Providing stunning images of the grand finale of the Shuttle Program, the External Tank (ET) camera on ET-138 concluded a 22-flight legacy – beaming back images of the tank’s performance through ascent. However, a camera modification was ultimately unsuccessful in transmitting much more than static footage of the tank as it tumbled into Earth’s atmosphere for its death plunge into the Pacific ocean.
ET camera ascent performance (STS-135) and history:
As was the case 21-times before, the ET engineering camera on the LOX feedline of the External Tank functioned perfectly through pre-launch and launch activities during Space Shuttle Atlantis’ historic and sentimental journey to Low Earth Orbit on July 8.
During the launch of STS-135, the ET camera provided NASA managers and DAT (Damage Assessment Team) personnel with an early look at the tank’s performance as well as any areas of Atlantis’ TPS (Thermal Protection System) that might have been dinged by small foam liberations from the tank.
In all, the quick-look assessment enabled by the ET camera led to the understanding that this was one of the most – if not THE most – clean External Tanks in the history of the Shuttle Program: an in-flight tribute to the hard work and dedication of thousands of NASA engineers and the honorable workforce at the production facility in New Orleans, Louisiana.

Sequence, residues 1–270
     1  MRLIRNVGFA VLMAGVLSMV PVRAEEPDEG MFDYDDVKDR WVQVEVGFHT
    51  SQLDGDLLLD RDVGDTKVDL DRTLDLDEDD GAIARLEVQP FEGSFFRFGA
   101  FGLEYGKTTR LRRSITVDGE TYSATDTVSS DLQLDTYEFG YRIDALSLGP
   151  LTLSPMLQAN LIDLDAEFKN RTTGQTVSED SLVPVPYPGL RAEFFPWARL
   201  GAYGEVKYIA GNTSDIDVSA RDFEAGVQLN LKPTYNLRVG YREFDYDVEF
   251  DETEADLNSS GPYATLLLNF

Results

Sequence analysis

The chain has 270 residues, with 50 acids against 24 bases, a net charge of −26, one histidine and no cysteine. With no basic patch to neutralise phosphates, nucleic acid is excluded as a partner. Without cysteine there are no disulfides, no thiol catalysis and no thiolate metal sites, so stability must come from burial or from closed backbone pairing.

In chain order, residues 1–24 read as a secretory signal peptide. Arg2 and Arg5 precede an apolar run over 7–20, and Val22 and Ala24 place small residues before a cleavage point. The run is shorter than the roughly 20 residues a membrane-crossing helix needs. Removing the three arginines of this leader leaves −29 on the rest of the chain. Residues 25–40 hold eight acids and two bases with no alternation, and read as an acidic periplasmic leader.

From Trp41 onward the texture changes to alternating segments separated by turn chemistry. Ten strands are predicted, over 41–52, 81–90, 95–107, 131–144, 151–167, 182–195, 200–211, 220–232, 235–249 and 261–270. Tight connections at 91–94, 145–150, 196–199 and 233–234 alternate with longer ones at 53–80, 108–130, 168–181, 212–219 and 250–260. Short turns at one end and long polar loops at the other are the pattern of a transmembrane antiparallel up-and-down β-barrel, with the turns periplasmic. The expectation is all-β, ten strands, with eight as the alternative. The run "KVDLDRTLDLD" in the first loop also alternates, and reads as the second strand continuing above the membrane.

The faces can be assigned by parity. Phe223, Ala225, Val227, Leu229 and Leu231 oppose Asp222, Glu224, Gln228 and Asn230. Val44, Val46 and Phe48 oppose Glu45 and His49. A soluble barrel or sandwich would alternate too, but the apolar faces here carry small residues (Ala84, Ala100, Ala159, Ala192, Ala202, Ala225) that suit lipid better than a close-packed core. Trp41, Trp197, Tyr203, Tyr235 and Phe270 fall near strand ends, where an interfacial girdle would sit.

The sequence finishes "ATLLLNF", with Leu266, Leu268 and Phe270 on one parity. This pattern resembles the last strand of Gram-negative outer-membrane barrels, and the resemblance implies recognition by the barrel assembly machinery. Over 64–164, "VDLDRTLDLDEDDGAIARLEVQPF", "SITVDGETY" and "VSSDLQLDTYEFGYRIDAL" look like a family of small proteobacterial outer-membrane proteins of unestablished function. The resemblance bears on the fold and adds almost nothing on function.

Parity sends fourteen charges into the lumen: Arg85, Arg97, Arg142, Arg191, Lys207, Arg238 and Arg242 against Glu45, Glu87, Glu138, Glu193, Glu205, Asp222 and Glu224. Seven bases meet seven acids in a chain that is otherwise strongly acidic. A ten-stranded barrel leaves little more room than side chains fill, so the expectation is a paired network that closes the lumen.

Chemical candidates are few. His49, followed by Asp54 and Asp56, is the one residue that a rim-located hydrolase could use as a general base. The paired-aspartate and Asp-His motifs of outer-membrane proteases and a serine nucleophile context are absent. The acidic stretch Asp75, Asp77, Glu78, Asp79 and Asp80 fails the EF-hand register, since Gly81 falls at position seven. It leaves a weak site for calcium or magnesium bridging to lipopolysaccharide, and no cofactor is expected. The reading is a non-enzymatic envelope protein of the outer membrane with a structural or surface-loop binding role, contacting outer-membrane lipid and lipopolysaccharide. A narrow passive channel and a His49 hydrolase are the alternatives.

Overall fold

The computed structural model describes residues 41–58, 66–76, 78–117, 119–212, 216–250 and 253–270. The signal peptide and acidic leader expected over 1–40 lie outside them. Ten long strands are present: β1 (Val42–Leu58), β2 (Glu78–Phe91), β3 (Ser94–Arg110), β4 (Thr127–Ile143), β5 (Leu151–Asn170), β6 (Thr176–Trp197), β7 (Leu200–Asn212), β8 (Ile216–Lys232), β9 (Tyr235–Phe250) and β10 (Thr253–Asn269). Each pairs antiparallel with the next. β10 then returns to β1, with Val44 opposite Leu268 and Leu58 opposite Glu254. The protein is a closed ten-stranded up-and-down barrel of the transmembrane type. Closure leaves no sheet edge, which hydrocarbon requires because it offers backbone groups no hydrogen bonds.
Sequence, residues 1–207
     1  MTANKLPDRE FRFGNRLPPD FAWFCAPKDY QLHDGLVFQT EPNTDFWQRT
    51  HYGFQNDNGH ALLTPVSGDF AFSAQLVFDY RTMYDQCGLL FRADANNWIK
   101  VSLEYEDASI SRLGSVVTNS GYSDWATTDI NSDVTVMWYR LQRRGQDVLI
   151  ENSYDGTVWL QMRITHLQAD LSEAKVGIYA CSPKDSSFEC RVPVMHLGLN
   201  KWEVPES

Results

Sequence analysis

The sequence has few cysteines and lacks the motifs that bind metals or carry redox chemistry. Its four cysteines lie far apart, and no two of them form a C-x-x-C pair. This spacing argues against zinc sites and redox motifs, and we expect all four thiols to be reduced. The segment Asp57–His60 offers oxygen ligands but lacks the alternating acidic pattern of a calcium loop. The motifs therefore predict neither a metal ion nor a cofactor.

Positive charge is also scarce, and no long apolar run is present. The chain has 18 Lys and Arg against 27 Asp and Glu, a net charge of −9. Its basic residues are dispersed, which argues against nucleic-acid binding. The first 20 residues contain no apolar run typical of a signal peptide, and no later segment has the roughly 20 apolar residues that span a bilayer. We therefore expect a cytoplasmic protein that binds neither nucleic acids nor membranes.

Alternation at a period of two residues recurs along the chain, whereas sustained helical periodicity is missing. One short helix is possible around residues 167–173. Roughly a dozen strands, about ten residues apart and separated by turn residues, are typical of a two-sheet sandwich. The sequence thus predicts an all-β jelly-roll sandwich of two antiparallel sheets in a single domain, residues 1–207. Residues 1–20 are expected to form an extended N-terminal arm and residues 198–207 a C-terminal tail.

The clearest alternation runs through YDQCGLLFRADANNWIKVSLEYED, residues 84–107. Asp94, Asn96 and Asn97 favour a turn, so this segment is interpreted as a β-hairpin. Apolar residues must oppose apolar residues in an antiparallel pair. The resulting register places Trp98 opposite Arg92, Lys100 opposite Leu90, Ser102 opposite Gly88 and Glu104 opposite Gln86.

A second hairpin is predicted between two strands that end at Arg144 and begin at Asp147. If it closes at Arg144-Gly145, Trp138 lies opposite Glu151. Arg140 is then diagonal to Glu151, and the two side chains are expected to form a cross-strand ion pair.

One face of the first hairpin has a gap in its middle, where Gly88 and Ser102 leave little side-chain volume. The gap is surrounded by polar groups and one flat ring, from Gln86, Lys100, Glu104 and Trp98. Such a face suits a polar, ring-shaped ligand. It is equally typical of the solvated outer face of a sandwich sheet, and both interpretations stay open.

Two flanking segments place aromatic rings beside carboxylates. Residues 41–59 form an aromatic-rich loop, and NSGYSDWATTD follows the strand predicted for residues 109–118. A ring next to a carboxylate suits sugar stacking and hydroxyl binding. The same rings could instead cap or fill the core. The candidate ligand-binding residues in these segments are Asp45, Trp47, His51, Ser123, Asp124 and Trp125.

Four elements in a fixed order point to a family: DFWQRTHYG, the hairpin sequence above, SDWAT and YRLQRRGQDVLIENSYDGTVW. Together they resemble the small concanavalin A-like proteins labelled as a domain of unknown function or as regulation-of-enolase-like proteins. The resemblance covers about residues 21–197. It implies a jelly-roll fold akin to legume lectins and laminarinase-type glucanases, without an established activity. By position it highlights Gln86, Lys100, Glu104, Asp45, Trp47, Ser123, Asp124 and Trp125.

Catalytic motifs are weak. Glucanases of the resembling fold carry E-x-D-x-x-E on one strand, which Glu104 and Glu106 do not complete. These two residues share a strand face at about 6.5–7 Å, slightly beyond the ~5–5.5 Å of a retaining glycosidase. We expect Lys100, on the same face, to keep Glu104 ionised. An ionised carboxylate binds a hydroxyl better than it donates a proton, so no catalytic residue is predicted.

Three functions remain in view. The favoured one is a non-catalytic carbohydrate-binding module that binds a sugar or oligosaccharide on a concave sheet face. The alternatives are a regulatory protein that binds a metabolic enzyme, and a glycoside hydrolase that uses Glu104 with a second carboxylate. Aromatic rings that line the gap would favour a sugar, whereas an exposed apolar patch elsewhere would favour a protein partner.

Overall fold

But while the camera (a Sony XC-999) and its systems worked perfectly on every single one of the 22 post-Columbia Shuttle missions, the camera actually debuted on STS-112, providing images up to SRB separation when debris covered the camera lens and prevented further clear image downlink.
STS-135 Specific Articles: http://www.nasaspaceflight.com/tag/sts-135/
Moreover, the camera’s primary use on STS-112 – a mission by Atlantis in October 2002 – was for PAO launch coverage purposes and not for engineering assessment of the Tank’s TPS performance – an ironic use considering the rather significant foam liberation event that occurred on STS-112 and subsequent foam liberation event on STS-107/Columbia that ultimately made the camera mandatory for tank engineering assessment purposes.
Debuting in what would be its nominal configuration on the STS-114 Return To Flight mission by Shuttle orbiter Discovery in July 2005, the ET engineering camera was the first step in a scaled build-up of the Enhanced Launch Vehicle Imaging System, which eventually included four total cameras on the SRBs, an orbiter ET Umbilical Well camera for post-ET/Orbiter separation imagery, and a “lipstick” camera on the orbiters’ forward-facing pilot’s windows to capture LO2 Ice Frost Ramp foam liberations during ascent.
Over the course of their use by the Shuttle Program, the 22 post-Columbia ET engineering cameras proved their worth time and time again.
Using a 3.5 mm lens to provide a near 100-degree field of view, the cameras captured both amazing ascent footage and carried out their primary task of observing and timing any TPS foam liberations from the tank and any resulting impacts on the orbiter by offering a look at the vicinity of the tank’s bipod attachment area, the portion of the External Tank where the liquid hydrogen tank and intertank ﬂange areas are adjoined, and a portion of the bottom side of the Orbiter.
The cameras themselves, from STS-114 through STS-135, were mounted inside the ET’s liquid oxygen (LOX) feedline fairing – a metal covering that protects the area where the fuel feedline penetrates the inter-tank structure and begins its journey down the exterior, orbiter-facing side of the ET.